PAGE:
08 December 2014

What’s new in Chrome 40

Despite the round number, this version of is relatively light on updates. The most important are aimed at developers, as highlighted in the official announcement. Service Workers are likely the most relevant long-term, a new API enabling web applications to use functionality normally reserved for native apps, like rich offline experiences, periodic background syncs and push notifications. You can read a more comprehensive description of the technology in this introductory article on HTML5 Rocks. Unfortunately, support is currently limited to browsers using the Blink rendering engine (Chrome on desktop and Android, ) and ; without a commitment from on Safari, service workers will have a limited impact on the development of mobile apps.

Another small feature specific to Android is the ability to specify a theme color for websites. Because it’s only supported by Lollipop and Android is notoriously slow to update to newer versions, it will take a long while until this is relevant for day-to-day usage.

Security-wise, version 40 will completely disable support for SSLv3, after this outdated encryption method has been used in several recent attacks.

Chrome 40 Mute tab context menuA minor UI update that will nevertheless please a lot of users is Audio Tab Muting, a natural extension of the audio tab indicator introduced last year in version 32. After enabling the flag ‘Enable tab audio muting UI control’, users will be able to mute a tab playing sounds from the context menu – very helpful if something starts playing in the background while you’re listening to something else!

Another tentative update for this version is the new bookmark manager. Rumored for a couple of months under the name of Stars, it was announced officially last month, but the rollout has been slow and there’s no definitive date when it will become live for the majority of users. The initial feedback has been mostly negative, users complaining about the image-centric design and lack of functionality for power users, people managing hundreds and thousands bookmarks. Personally I didn’t get a change to test it, I was probably never included in the random test group. Turning the flag ‘Enable Enhanced Bookmarks’ on and off doesn’t seem to have any effect in my Chrome installation. My guess is that the feature has been postponed even more while developers are making some much-needed changes.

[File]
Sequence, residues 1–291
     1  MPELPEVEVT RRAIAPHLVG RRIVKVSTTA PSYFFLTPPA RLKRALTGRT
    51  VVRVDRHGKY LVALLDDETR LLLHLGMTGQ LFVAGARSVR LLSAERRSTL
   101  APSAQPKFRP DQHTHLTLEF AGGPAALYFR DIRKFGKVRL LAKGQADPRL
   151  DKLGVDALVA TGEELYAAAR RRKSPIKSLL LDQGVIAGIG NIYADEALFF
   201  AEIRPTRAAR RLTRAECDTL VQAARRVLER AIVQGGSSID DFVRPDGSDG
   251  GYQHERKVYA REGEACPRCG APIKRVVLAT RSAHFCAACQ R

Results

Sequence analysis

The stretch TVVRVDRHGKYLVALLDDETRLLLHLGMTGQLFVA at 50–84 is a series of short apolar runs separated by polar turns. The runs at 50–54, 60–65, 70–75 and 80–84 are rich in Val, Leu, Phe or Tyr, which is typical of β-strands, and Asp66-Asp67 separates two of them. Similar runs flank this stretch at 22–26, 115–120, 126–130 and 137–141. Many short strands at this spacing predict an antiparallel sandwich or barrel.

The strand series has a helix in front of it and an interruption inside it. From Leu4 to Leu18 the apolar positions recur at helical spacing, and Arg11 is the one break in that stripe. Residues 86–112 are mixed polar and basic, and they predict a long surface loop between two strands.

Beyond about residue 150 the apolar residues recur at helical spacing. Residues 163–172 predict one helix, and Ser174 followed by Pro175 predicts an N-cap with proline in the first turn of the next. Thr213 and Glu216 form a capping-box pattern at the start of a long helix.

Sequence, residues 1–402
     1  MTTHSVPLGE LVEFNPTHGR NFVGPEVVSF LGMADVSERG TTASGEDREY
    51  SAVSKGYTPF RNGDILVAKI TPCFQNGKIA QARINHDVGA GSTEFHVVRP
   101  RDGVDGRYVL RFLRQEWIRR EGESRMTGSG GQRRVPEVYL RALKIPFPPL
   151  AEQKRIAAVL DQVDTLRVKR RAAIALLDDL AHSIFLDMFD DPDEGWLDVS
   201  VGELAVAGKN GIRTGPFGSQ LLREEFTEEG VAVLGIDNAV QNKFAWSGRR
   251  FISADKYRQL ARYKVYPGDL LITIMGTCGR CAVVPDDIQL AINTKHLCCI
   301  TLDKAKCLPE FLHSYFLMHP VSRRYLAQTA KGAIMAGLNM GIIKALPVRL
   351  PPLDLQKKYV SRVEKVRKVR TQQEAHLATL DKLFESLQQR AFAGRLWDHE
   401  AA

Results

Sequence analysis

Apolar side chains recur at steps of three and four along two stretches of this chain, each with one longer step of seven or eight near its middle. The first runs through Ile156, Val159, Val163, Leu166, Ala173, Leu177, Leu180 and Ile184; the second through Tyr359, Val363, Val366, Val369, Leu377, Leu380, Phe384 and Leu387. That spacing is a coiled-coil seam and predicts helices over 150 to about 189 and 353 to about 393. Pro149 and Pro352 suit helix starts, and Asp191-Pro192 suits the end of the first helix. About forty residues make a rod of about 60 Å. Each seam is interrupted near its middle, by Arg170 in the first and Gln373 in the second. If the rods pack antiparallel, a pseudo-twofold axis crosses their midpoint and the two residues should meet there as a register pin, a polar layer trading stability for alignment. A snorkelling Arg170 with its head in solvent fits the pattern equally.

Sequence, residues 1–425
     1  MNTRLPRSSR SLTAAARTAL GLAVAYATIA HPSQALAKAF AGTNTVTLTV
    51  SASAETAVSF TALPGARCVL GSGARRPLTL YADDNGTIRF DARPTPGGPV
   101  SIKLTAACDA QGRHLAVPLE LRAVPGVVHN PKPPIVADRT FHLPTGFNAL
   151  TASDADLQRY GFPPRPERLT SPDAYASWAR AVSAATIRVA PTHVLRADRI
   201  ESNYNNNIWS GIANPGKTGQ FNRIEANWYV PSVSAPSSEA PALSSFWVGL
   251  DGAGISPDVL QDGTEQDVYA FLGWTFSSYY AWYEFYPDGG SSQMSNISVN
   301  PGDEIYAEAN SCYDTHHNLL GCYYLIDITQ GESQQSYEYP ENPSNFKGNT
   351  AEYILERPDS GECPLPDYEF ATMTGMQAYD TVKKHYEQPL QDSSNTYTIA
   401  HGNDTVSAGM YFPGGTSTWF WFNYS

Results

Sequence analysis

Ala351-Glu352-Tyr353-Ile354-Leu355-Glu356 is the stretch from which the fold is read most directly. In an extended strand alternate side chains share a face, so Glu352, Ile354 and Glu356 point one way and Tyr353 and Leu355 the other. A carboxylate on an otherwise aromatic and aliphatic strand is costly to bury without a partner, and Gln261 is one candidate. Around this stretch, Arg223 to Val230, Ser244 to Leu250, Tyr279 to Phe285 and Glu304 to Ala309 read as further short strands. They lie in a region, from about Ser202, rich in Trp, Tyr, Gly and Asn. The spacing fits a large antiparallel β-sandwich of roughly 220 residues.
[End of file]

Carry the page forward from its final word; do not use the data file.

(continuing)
Here’s what I don’t need:

  • A Tumblr-like wall for showing off my bookmarks.
  • Scrolling through a loooooong list of folders, or page of bookmarks, to find stuff and rediscover older things.
  • Several clicks through menus or screens to perform any kind of bookmark operation.
  • Manual sorting only. Newly added bookmarks and folders should stay in alphabetical order, if that’s the setting I chose before.

Chrome’s new Bookmark Manager satisfies none of these things. They’ve updated the styling of the UI and the presentation of bookmarks – see card layouts and quicksand animation. Basically they made it prettier without enhancing any functionality.

Perry Butler

Finally, this versions adds another set of tweaks for error pages, for example: certificate debugging information for SSL errors, a new error page for missing Internet connection and a clearer page when the system clock setting is interfering with security certificates.

Update: the iOS version of Chrome received significant updates this time around. The biggest and most noticeable is the new look based on Material Design. I haven’t had the time to explore the new design thoroughly, but it doesn’t seem very impressive or different from the old look. Other updates include optimizations for iOS 8 and larger iPhones and Handoff support on OS X Yosemite.

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